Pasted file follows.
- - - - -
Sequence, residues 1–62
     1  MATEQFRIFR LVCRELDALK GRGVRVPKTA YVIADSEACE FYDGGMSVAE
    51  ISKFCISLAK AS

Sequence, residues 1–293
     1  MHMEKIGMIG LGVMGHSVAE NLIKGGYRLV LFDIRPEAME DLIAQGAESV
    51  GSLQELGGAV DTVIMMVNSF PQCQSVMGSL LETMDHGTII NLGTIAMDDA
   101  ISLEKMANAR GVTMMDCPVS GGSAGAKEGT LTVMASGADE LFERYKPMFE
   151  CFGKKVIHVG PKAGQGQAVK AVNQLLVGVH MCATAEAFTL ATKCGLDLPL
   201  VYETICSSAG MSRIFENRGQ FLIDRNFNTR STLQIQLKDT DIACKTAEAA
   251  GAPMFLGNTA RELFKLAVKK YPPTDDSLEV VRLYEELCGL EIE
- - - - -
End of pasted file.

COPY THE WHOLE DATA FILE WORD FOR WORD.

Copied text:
Sequence, residues 1–62
     1  MATEQFRIFR LVCRELDALK GRGVRVPKTA YVIADSEACE FYDGGMSVAE
    51  ISKFCISLAK AS

Sequence, residues 1–293
     1  MHMEKIGMIG LGVMGHSVAE NLIKGGYRLV LFDIRPEAME DLIAQGAESV
    51  GSLQELGGAV DTVIMMVNSF PQCQSVMGSL LETMDHGTII NLGTIAMDDA
   101  ISLEKMANAR GVTMMDCPVS GGSAGAKEGT LTVMASGADE LFERYKPMFE
   151  CFGKKVIHVG PKAGQGQAVK AVNQLLVGVH MCATAEAFTL ATKCGLDLPL
   201  VYETICSSAG MSRIFENRGQ FLIDRNFNTR STLQIQLKDT DIACKTAEAA
   251  GAPMFLGNTA RELFKLAVKK YPPTDDSLEV VRLYEELCGL EIE